Looking Back at Looking Forward

sharing knowledge about organisational foresight

Lagging behind present realities

I’ve started to read Common Wealth by Jeffrey Sachs and was delighted after having read the first page. Mr Sachs topic is economics for a crowed planetobserved that “for the past two hunddred years, technology and demography have consistently run ahead of deeper social understanding”. There is “a pace of change unprecendended in human history” and that “our philosophies, as a result, consistently lag behind present realities”. Quite so.

A similar dilemma exists for organisations in coping with the pace of change as it impacts on the entities functions and relationships. Structures and strategies are based on what has gone on in the past – an increasingly lag behind present realities. As my last posting observed, foresight helps people see what is going on in the present with more clarity.

I’m looking forward to reading through Mr Sachs book…and looking for ways that others may percieve that foresight helps to cope with today’s major challenges such as climate change, energy policy and income disparity. Mr Sachs states that ‘global cooperation will have to come to the fore”. Quite so again!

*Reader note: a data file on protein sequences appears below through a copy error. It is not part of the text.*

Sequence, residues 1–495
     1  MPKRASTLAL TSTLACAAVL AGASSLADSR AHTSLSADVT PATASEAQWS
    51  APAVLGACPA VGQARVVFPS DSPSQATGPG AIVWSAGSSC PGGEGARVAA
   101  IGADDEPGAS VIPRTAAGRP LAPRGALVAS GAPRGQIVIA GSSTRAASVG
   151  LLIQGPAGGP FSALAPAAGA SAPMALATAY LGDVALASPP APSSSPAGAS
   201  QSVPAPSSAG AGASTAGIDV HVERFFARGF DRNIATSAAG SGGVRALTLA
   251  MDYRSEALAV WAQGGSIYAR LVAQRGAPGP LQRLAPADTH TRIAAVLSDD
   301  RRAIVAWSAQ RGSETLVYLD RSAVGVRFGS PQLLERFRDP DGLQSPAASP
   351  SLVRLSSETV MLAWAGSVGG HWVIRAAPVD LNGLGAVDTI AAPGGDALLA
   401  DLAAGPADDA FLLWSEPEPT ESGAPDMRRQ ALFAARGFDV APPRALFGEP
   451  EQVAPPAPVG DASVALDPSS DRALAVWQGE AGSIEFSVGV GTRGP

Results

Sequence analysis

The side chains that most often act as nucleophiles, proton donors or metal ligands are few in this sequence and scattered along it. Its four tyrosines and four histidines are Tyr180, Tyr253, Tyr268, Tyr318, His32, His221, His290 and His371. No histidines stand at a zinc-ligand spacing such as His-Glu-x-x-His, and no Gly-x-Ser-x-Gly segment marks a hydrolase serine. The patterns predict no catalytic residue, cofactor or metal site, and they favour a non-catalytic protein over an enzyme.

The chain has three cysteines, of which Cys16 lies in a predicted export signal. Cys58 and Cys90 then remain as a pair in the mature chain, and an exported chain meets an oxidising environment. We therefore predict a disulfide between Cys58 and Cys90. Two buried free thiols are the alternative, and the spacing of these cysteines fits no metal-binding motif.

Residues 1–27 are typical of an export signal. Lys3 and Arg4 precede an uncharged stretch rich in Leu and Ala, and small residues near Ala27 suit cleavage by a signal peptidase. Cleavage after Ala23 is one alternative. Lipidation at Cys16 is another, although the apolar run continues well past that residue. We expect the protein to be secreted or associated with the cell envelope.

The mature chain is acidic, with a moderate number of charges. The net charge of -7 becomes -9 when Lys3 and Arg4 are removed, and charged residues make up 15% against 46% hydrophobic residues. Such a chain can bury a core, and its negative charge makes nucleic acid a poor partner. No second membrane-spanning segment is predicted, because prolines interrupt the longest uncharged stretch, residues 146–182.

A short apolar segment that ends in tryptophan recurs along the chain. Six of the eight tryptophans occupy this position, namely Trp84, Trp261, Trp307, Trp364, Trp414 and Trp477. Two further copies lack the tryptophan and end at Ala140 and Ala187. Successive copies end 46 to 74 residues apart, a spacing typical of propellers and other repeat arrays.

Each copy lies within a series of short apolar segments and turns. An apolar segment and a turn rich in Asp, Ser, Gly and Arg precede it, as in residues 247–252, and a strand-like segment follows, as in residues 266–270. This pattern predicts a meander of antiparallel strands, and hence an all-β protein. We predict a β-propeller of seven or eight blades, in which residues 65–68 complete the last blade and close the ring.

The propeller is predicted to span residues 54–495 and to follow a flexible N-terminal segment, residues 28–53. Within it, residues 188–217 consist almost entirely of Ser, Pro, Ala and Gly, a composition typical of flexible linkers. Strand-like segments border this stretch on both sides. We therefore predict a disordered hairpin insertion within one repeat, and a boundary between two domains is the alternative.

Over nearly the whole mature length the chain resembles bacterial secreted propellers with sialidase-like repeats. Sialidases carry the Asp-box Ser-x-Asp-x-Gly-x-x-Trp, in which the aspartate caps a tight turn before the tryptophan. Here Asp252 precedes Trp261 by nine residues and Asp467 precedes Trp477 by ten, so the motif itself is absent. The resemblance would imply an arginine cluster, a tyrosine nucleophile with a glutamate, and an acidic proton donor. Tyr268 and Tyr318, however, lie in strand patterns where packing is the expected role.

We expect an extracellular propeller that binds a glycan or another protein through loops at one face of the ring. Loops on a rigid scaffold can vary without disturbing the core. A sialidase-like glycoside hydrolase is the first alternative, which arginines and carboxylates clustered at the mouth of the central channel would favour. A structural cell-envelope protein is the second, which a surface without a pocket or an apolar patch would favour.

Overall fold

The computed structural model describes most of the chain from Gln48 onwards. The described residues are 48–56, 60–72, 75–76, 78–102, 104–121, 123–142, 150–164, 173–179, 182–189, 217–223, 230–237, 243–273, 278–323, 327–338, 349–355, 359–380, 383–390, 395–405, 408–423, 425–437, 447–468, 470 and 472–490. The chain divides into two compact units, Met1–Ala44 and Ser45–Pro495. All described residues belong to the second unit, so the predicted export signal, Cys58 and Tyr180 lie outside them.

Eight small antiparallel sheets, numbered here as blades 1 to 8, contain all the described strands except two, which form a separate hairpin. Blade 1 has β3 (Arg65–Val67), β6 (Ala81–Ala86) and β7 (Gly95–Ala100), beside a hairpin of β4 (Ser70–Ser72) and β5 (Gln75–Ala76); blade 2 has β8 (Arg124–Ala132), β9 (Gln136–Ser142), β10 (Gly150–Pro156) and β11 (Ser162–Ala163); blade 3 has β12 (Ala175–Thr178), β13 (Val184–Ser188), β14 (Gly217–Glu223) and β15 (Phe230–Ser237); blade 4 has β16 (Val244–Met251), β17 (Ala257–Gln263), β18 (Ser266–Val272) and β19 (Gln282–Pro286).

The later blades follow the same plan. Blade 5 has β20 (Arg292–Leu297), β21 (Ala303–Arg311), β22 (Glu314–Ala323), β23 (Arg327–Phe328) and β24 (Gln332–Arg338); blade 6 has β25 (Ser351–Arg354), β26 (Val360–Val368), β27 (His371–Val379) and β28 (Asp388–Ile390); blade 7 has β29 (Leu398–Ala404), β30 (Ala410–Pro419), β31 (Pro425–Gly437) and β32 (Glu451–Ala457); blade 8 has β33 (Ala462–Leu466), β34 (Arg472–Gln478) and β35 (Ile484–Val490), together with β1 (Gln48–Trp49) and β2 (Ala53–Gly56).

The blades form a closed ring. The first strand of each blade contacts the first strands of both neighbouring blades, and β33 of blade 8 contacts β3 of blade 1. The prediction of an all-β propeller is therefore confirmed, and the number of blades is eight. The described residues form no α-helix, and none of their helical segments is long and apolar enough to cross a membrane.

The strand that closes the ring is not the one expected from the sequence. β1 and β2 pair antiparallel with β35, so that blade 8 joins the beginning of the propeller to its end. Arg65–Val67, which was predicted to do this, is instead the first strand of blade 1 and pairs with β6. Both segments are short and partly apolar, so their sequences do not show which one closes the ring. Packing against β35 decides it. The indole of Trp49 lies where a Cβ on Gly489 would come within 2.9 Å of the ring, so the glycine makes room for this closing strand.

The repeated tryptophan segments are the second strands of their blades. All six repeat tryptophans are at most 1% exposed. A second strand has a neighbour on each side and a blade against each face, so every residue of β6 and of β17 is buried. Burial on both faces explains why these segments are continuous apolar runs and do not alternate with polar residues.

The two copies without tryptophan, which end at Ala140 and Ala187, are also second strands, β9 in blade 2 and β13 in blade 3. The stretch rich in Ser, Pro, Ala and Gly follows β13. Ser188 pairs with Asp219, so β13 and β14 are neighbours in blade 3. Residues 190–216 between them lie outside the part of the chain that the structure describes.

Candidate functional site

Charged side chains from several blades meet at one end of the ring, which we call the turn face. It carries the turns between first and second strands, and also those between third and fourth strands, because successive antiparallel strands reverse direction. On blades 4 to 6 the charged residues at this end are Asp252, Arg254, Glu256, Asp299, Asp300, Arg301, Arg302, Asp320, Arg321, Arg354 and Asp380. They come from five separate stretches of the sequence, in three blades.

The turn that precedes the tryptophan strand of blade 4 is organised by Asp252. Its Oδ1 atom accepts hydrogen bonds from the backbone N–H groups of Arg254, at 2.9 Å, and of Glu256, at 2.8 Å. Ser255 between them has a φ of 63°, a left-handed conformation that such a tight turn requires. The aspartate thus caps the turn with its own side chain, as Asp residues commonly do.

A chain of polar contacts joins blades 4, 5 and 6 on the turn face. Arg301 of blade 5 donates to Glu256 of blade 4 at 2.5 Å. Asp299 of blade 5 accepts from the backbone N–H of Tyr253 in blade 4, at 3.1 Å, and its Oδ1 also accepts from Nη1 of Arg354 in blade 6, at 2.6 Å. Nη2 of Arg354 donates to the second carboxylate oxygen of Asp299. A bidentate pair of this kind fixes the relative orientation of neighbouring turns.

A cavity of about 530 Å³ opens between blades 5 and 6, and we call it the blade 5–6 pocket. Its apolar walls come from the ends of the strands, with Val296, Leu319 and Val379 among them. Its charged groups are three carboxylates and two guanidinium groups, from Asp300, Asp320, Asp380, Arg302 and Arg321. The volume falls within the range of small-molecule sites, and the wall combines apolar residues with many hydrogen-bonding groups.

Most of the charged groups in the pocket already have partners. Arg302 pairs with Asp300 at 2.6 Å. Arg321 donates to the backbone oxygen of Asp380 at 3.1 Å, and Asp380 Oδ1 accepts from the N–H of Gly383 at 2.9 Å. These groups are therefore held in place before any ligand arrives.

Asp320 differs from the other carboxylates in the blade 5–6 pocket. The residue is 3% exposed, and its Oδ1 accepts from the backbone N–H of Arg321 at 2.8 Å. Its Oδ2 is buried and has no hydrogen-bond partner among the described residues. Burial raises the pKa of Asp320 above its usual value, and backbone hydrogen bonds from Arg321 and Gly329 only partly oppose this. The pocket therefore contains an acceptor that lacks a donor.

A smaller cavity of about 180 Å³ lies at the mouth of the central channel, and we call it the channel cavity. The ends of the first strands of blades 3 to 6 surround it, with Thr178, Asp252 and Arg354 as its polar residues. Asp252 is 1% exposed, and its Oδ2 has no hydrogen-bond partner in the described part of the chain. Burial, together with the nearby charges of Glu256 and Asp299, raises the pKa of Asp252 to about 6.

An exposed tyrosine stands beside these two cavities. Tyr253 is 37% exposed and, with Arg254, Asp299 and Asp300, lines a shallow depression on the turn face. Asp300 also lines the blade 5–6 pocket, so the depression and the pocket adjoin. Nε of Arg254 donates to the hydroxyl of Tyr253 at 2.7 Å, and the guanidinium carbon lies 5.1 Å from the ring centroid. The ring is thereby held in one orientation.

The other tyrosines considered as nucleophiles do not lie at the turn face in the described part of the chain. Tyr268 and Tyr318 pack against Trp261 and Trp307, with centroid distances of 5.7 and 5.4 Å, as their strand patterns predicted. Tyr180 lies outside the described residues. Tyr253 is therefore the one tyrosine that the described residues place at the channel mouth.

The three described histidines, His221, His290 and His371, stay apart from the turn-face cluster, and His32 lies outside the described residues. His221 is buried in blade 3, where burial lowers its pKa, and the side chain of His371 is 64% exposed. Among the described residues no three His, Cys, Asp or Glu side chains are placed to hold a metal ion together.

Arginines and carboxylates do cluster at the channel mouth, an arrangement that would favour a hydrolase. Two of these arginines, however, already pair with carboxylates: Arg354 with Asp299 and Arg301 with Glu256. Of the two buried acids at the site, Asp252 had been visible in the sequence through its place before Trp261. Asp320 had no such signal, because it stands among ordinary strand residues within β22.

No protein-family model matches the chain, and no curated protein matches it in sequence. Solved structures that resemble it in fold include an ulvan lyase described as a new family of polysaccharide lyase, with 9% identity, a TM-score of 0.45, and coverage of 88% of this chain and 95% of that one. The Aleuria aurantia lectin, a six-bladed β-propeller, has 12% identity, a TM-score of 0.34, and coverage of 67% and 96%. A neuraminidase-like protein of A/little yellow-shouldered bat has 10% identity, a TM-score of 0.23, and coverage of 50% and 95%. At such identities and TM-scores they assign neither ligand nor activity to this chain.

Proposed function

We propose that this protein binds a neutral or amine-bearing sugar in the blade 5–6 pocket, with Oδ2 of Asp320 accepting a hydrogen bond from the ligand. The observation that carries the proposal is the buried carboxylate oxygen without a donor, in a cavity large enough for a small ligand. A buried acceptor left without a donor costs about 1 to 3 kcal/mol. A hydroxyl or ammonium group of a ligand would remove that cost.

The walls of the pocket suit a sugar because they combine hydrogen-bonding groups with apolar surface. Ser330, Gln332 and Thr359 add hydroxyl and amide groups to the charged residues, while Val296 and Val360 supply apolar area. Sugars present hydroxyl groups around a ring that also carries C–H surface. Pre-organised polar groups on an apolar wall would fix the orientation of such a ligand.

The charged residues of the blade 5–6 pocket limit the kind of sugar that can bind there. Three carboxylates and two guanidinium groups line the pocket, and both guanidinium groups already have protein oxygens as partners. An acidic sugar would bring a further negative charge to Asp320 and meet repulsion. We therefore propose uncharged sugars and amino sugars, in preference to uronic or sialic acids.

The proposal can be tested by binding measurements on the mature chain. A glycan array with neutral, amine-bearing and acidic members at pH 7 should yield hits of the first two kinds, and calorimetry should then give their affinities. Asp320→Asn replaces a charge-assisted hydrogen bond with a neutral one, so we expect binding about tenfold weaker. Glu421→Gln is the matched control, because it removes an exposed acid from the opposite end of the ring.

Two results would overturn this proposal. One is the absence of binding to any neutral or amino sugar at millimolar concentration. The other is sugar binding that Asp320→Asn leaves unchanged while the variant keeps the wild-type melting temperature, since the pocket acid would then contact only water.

May 5, 2008 Posted by | collaboration, foresight | , | Leave a comment

From insight to action

Chapter 8 in Johansen’s latest book and starts with a fantastic quote:

Have deep roots, a strong trunk.
Live long by looking long.
– Lou Tzu, Tao Te Ching

I love it. Tzu evokes the great strength of thinking in the longer-term.

To me ths starts in developing deep knowledge about values, beliefs and historical events in society. Apply that wisdom of the past to examining manisfestations in contemporary institutions, the legal, commercial and political systems and cultural mores and so on… to begin to understand what drives and underpins behaviour.

It means having a broad perspective and an inquisitive mind…along with a drive to make sense of what’s happening through identifying and understanding connections between events and people. From this, go on to develop a sense and feel for what may shape society over the horizon.